Day of fasting and prayer for peace

A war in Ukraine and extensive flooding in eastern Australia make a sense of loss very real and any desire to feast before the fast makes no sense. Loss is all around us at present -life, livelihoods, homes and homeland, peace, sovereignty, stability, respect, trust, and a moral compass-and these many losses may be a starting point from which to enter Lent.

As we mark the sign of the cross our foreheads in ash, we enter immediately into the paschal mystery ofChrist’s death and resurrection, entering into the terrible conflict in Ukraine, the cost of human suffering of people everywhere, and the brazen body-mindedness of leaders, bullying their way to power. We enter into life’s ongoing stupidity and its choices for violence and conflict over dialogue and respect. And we also enter into that mystery of sickness and suffering where we can find no easy target to blame –flooding, bushfires, drought, pandemics, misfortune, cancer, death and so on.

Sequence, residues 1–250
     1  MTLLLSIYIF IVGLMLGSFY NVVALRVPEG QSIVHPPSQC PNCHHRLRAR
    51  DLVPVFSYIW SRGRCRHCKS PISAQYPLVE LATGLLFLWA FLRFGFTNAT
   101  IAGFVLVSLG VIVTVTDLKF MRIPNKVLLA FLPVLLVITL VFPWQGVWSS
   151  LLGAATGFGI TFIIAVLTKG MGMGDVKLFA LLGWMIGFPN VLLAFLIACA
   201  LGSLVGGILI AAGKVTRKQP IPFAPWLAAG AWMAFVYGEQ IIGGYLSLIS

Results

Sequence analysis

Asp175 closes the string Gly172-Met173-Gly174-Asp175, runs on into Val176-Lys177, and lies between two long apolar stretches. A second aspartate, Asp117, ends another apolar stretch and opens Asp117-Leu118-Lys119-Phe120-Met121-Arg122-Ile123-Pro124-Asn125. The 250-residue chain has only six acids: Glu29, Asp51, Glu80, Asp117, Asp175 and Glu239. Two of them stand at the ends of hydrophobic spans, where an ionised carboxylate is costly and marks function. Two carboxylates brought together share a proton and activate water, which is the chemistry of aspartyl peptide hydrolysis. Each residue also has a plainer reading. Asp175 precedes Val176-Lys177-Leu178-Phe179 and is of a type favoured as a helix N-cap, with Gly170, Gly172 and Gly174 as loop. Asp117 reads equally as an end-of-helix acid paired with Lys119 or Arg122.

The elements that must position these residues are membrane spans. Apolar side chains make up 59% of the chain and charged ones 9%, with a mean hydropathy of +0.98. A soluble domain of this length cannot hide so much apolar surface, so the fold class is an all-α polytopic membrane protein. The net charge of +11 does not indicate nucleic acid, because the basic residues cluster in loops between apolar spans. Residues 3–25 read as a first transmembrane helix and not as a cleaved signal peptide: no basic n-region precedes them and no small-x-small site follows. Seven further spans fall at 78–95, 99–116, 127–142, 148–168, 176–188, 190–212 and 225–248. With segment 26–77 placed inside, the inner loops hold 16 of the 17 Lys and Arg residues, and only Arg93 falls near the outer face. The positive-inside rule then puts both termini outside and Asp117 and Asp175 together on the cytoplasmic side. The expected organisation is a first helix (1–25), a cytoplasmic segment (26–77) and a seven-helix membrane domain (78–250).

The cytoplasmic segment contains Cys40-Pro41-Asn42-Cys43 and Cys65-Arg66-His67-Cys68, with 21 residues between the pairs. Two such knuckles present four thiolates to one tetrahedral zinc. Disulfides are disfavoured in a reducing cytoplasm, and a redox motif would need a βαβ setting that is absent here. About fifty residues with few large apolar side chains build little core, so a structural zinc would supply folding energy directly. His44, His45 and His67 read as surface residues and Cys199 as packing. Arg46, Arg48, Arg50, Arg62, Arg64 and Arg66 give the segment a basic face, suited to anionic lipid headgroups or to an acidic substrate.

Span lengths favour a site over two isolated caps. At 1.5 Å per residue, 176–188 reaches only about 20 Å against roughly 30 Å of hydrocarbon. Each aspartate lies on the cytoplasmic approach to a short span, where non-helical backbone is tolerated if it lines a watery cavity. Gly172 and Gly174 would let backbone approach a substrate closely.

We bring these experiences -where abundant life has turned to ashes-into this season of Lent and with great courage and discipline allow Jesus to disciple us into people of faith, hope and love. The cost of this discipleship will be to uncover and face the uncomfortable part we play in colluding with evil and to die to that collusion. The joy of this discipleship comes in participating in the power of faith, hope and love to change the world. If we are going to die and rise this Lent, let us do so bravely and honestly.

Day of fasting and prayer for peace

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